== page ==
Bowling Green, Wood County, Ohio (Ohio, United States) (search for this): chapter 13
orsville bravely doing his duty in command of his guns of the Charlottesville Artillery, was my pupil when a boy, and I watched with deepest interest his development into the heroic man he proved himself to be, but above all I rejoiced that his simple trust in Christ grew stronger as the years went on. In a sketch of him it is said: From Richmond the battery followed the fortunes of the field again until after the battle of Fredericksburg, when it settled down in winter-quarters at Bowling Green, Caroline county, Virginia. Here opportunity was afforded for the display of both the officer and the man. In the former capacity he was faithful, energetic, even ambitious, in the discharge of duty; in the latter he was genial and companionable, and by his good fellowship won the hearts of those under his authority, until, such was his popularity, scarcely a word of complaint was ever uttered against him. In illustration of his Christian temper the following incident may be related:
Chaffin (Massachusetts, United States) (search for this): chapter 13
1864; lingered until the 24th of August, and calmly passed away, murmuring with his dying breath: Father, into Thy hands I commit my spirit. The noble death of Louis Rogers was but the fulfilment of the prophecy of his noble life when I knew him at the university. General Henry A. Wise, in a letter to his father, pays this young soldier the following glowing tribute. Richmond, Virginia, July 5, 1869. My Dear Sir: . . . I first noticed Louis in a shady retreat from the camp at Chaffin, in the year 1862, reading his Bible to a comrade in the woods. His quiet, earnest manner in his pious work struck me. I had before noticed him passingly, as your son, for your sake; but now that I saw his character, I began to notice him for his sake and mine too. I found that he had an exemplary influence with all the young men of his company. He could keep them orderly and obedient and on duty, while his officers could not. I soon found him not only moral, but intellectual; not merely
Harper's Ferry (West Virginia, United States) (search for this): chapter 13
ar of his country. He was a worthy citizen and a most useful Christian. As a minister and a Sabbath-school superintendent, he exerted a happy influence wherever he labored to do good. He entered the service a captain of the Central City Blues, of the renowned Twelfth Georgia, and endured cheerfully all the hardships of the soldier's life. He passed unharmed through seventeen desperate battles, and fell gloriously on this bloody field. Wearied and almost worn out by the investment of Harper's Ferry and the march to the battle-field, his men lay on their arms awaiting the attack which was to be made at dawn of day. The assault was terrible, and for an hour Captain Rogers, in command of the regiment, passed up and down the line encouraging his men. While thus exposed, all the fingers of his left hand were shot off, and he was severely wounded in the thigh, but he remained with his men until forced to leave by sheer exhaustion. As he was moving off, supported by some of his men, a bu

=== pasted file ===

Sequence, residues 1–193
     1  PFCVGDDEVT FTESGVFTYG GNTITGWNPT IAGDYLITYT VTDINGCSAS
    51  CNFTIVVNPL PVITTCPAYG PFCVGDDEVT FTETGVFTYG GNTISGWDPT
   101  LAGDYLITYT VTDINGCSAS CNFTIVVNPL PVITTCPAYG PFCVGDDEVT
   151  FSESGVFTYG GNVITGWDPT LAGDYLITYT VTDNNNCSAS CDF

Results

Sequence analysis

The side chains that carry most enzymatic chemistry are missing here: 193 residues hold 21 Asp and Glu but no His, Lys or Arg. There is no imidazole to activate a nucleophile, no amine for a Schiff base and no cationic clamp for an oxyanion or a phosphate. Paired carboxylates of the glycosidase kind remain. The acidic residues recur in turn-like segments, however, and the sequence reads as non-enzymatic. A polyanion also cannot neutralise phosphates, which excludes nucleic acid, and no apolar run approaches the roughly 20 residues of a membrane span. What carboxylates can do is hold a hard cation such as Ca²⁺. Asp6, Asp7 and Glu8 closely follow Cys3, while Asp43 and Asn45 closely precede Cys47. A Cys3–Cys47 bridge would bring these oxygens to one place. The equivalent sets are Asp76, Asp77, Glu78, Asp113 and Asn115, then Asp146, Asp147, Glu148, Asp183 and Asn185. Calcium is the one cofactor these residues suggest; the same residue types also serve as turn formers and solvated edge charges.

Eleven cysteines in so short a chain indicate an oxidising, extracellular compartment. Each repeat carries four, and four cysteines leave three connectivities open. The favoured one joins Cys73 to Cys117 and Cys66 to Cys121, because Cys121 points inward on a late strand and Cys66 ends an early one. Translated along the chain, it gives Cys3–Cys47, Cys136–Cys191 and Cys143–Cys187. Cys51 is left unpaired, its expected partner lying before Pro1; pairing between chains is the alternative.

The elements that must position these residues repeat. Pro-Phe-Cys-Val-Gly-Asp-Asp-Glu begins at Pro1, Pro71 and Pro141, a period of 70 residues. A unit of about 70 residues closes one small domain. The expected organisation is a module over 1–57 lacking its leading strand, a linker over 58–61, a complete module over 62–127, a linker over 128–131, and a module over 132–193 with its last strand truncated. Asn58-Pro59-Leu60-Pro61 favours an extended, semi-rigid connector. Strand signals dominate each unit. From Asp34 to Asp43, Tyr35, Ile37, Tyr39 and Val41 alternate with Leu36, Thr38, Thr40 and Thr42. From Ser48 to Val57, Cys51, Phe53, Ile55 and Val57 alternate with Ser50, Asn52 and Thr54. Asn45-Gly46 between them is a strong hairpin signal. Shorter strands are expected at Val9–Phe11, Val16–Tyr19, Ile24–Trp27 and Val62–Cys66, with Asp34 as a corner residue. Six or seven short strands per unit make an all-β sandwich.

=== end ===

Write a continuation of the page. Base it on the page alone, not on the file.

Twymans Mill (Virginia, United States) (search for this): chapter 13
ess of these revivals, and to cull only a few of the hundreds of incidents I have, showing how these men met the king of terrors. A noble fellow who fell at Gaines's Mill, the 27th of June, 1862, said to comrades who offered to bear him to the rear: No! I die. Tell my parents I die happy. On! on to victory! Jesus is with me, With his hand on this blessed book pressed to his heart, he called on God to be his shield and support in the hour of battle. He passed the terrible ordeal of Gaines's Mill on Friday and Malvern Hill on Tuesday, where the men fell around him like grain before the reapers and covered the ground thick as autumn leaves. A degree of used frequently to read it to me when I was a boy. I know its meaning now. Yes! and I will soon meet her, and dear Ed. A younger brother, who had fallen at Gaines's Mill, June 27, 1862. too, in one of those bright mansions which Jesus went to prepare for us. Thus on the 2d day of September, 1863, Francis Pendleton Jones passed
Baltimore, Md. (Maryland, United States) (search for this): chapter 13
d in every State from Maryland to Texas—to ascertain the after-lives of the four hundred and ten soldiers whom I baptized in the army, and I have heard of only three (there were doubtless others) who have gone back to the world. One pastor of a leading Church in the south-west said to me: I am indebted to you for baptizing in the army the best and most efficient men in my Church. I had a tender meeting several years ago with a delegate from Texas to the Southern Baptist Convention at Baltimore, whom I had baptized on the Rapidan in August, 1863, and I might give a number of touching incidents concerning these men whom I meet all over the South. In the summer of 1865 I was travelling one day along a country road in Virginia, when I saw a young man plowing in the field, guiding the plow with one hand, while an empty sleeve hung at his side. I know not how others may feel about it, but for myself I never see the empty sleeve or halting gait of the true Confederate soldier that